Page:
Review: The Holy Family (dir. Raffaele Mertes, 2006)

Review: The Holy Family (dir. Raffaele Mertes, 2006) June 15, 2016


The Young Messiah, which came out on DVD yesterday, isn’t the first movie to spend more than a scene or two on Jesus when he was a boy. It isn’t even the second. A few months ago I reviewed A Child Called Jesus, a 1987 film that has some striking parallels to The Young Messiah. Now I’d like to take a brief look at The Holy Family, a two-part TV-movie that has fewer parallels but is still interesting in its own way.

The Holy Family is directed by Raffaele Mertes, whose credits include two films in the Bible Collection (Esther and The Apocalypse) and a series of four films about the gospels’ supporting characters, known collectively as ‘Close to Jesus’ or ‘The Friends of Jesus’. I have not seen those last four films, but one of them was about Joseph, the adoptive father of Jesus, so The Holy Family — which follows the relationship between Joseph and Mary from their first meeting to Joseph’s death — actually marks the second time that Mertes made a film about this character (similar to how Roger Young made two films about Jesus and two films about Jacob and his family).

The Holy Family also has an interesting connection to A Child Called Jesus, via the actor Alessandro Gassman. In the earlier film, Gassman played the adult Jesus in scenes where the young Jesus had premonitions of his future. And in this film, which was made nearly two decades later, Gassman plays Joseph the father of Jesus.

The Holy Family is not a particularly good film — for reasons I’ll get to in a moment — but it does do some interesting, unique and even valuable things.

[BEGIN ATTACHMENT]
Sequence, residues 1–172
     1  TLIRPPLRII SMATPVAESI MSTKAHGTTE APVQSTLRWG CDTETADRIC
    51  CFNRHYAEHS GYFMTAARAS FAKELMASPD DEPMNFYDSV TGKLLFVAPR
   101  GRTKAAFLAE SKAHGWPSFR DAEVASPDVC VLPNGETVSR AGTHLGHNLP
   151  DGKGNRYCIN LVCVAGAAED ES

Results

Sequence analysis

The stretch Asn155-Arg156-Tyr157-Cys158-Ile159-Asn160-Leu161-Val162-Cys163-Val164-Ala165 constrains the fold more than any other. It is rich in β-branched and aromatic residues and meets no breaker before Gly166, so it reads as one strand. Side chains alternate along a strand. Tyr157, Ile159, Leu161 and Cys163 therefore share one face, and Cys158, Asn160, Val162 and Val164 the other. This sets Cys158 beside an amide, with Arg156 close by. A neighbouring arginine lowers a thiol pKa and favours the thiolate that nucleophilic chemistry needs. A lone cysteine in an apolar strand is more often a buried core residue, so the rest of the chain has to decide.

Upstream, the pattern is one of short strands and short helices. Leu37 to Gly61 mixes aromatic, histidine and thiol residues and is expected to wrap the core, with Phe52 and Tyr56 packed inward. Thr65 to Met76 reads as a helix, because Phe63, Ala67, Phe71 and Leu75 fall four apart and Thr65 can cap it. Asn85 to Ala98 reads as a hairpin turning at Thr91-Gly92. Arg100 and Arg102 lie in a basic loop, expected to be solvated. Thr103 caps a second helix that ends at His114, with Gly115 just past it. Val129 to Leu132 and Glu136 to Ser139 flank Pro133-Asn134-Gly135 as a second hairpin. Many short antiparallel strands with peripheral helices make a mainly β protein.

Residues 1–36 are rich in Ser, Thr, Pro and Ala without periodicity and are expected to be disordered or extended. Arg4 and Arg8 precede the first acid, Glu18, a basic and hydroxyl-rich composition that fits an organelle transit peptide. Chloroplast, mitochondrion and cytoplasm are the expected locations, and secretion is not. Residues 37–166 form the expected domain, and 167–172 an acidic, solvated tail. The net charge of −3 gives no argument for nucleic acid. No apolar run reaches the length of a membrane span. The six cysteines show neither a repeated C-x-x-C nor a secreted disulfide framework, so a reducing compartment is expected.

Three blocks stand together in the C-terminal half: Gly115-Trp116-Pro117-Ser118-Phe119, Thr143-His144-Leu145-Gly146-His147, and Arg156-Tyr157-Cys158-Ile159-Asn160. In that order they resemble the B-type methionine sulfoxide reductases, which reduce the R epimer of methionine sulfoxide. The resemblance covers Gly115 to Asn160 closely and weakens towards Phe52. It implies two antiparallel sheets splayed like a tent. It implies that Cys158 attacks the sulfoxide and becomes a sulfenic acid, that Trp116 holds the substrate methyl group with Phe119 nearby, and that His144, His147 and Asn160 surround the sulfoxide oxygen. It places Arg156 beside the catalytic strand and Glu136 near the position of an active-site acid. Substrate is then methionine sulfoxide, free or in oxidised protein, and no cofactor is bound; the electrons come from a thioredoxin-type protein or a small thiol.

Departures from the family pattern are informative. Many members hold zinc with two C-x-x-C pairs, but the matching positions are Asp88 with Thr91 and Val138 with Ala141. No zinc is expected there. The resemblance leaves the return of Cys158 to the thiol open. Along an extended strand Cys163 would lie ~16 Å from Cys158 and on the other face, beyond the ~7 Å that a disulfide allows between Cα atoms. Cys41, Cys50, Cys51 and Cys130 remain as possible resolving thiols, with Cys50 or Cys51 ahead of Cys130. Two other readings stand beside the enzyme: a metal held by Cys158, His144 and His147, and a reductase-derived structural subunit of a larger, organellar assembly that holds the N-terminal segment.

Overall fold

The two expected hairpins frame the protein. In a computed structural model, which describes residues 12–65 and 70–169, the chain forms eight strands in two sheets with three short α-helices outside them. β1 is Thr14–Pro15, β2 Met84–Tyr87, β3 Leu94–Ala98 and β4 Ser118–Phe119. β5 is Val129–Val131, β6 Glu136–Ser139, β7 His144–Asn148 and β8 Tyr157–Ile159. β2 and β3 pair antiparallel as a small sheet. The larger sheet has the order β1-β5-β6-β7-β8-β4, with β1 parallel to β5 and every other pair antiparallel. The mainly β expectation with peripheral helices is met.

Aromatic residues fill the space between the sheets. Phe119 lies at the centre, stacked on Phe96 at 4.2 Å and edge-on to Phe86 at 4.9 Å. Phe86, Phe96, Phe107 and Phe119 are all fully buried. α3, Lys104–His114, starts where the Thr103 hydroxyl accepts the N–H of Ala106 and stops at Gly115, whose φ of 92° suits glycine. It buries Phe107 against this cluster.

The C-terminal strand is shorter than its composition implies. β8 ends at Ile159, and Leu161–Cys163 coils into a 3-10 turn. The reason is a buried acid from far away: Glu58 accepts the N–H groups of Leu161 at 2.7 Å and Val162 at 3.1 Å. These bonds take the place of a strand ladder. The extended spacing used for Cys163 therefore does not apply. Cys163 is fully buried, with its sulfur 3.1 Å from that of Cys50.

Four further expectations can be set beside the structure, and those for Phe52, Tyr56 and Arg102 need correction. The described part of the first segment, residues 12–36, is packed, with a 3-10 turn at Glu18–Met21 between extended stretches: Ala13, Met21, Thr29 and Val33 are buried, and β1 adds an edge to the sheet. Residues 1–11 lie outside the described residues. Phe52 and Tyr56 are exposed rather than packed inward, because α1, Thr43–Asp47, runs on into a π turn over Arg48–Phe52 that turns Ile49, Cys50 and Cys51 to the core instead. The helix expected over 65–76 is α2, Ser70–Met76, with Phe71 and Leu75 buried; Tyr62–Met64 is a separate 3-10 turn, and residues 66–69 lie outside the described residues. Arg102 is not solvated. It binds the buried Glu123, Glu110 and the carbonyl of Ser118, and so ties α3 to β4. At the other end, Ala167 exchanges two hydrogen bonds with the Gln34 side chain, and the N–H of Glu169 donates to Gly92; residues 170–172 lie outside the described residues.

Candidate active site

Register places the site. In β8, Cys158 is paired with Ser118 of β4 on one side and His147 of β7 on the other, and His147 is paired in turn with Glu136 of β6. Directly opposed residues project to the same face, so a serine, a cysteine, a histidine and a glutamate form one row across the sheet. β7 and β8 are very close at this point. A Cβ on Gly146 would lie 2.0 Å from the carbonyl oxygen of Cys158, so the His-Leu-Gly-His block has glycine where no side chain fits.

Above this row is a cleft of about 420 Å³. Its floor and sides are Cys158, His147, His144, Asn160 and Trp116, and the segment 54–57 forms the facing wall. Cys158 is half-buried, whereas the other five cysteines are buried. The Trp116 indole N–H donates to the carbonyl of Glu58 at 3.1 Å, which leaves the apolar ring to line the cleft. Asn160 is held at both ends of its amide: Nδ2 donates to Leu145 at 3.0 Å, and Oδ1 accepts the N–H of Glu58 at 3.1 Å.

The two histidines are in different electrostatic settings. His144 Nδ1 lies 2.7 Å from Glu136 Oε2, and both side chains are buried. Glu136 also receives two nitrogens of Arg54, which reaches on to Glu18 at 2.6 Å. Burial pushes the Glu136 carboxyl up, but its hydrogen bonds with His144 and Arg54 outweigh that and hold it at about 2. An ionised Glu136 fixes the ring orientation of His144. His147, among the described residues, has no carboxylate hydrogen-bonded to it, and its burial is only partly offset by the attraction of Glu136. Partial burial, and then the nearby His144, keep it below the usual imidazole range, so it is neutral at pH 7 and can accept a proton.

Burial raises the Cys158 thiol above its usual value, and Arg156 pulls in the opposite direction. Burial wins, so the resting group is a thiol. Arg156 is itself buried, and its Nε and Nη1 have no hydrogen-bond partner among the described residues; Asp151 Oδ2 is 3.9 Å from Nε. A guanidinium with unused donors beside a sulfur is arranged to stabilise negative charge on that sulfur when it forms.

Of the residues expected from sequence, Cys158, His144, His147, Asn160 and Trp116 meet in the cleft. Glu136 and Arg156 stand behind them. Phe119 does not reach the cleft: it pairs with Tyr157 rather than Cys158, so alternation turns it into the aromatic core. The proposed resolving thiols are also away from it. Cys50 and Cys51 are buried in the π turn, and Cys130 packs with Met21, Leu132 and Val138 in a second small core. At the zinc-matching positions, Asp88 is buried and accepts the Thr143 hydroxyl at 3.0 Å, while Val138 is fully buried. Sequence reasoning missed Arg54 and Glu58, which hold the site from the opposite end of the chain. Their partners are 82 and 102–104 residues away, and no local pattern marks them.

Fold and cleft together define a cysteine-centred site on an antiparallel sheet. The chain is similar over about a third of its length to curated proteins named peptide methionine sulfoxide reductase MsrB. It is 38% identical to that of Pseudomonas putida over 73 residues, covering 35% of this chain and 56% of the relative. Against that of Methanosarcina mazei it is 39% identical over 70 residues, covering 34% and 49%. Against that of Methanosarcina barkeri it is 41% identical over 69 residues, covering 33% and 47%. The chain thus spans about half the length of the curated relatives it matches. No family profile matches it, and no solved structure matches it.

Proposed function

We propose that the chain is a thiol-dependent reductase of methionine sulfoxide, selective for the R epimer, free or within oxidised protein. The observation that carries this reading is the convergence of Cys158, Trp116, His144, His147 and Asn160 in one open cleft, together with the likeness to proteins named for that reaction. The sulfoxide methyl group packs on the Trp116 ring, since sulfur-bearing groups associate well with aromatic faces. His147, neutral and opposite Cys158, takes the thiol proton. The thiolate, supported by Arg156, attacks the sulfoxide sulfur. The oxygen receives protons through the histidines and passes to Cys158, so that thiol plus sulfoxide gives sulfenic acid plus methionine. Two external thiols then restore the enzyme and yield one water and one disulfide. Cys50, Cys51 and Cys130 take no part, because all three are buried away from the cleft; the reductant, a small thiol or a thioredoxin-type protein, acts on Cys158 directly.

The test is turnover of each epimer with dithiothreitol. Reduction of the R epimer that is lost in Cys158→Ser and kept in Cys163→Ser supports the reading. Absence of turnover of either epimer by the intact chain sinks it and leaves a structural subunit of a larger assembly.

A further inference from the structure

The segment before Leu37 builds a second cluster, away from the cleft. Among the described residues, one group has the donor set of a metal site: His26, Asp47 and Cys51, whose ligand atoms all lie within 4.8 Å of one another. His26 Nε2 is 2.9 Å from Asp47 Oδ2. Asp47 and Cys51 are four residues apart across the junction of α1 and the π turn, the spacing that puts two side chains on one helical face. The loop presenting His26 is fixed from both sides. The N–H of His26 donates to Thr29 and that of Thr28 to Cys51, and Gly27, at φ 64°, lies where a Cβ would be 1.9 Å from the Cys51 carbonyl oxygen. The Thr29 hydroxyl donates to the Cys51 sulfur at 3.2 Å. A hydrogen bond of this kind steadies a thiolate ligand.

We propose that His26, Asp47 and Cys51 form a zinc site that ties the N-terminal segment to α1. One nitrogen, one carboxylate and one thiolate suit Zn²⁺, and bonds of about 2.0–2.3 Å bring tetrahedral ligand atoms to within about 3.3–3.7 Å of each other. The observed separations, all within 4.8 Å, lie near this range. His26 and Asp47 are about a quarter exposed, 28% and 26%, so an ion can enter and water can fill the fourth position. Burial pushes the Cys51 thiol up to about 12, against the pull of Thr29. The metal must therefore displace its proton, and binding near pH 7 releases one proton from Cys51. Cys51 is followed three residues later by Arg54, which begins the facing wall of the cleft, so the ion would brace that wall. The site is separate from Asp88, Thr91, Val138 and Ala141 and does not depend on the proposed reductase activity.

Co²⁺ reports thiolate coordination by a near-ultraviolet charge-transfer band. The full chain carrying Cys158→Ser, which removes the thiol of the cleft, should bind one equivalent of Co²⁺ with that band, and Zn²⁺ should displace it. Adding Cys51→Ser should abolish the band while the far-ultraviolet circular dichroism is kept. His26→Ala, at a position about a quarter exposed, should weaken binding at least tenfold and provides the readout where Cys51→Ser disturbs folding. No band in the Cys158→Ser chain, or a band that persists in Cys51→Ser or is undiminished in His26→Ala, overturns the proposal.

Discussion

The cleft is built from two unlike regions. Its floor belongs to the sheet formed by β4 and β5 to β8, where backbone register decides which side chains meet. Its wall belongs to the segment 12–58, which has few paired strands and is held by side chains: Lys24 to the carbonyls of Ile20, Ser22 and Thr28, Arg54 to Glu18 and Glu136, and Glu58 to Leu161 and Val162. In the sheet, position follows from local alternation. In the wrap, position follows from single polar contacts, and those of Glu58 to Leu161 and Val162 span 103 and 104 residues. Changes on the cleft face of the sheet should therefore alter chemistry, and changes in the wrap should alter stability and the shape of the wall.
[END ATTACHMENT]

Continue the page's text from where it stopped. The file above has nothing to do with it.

For starters, this is the only film I can think of that depicts Joseph as a middle-aged widower — and a father, to boot — when he and Mary become engaged.1

The Orthodox and Catholic traditions have always held that Mary was a virgin for her entire life, and that the brothers and sisters of Jesus, who are mentioned throughout the New Testament, were technically either his step-siblings or his cousins. But most Protestants today assume that the siblings of Jesus were the children of Mary.

Most films have avoided this issue by never mentioning the brothers and sisters, and it is common for films about the Nativity to portray Mary and Joseph as young lovers who are close to each other in age — so most films have left the viewer to assume that the siblings of Jesus were either the future children of Mary or more distant sorts of relatives, like cousins. Most films have not allowed for the possibility that the siblings of Jesus were his step-siblings, i.e. the children of Joseph by a previous wife.2